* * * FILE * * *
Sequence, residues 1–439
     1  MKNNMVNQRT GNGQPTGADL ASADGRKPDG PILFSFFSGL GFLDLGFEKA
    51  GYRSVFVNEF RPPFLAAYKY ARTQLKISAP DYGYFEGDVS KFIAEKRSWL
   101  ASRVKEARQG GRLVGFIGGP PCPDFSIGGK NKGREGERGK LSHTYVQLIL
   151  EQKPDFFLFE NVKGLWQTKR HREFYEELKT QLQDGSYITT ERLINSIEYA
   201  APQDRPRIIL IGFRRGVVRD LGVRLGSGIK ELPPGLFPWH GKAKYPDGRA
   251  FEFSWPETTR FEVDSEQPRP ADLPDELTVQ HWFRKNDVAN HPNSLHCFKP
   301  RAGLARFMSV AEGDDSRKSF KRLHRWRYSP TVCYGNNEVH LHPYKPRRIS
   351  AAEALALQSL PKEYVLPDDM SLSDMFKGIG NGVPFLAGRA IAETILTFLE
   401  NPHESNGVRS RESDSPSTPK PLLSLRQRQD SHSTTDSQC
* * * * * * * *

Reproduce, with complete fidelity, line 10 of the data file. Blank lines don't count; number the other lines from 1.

   401  NPHESNGVRS RESDSPSTPK PLLSLRQRQD SHSTTDSQC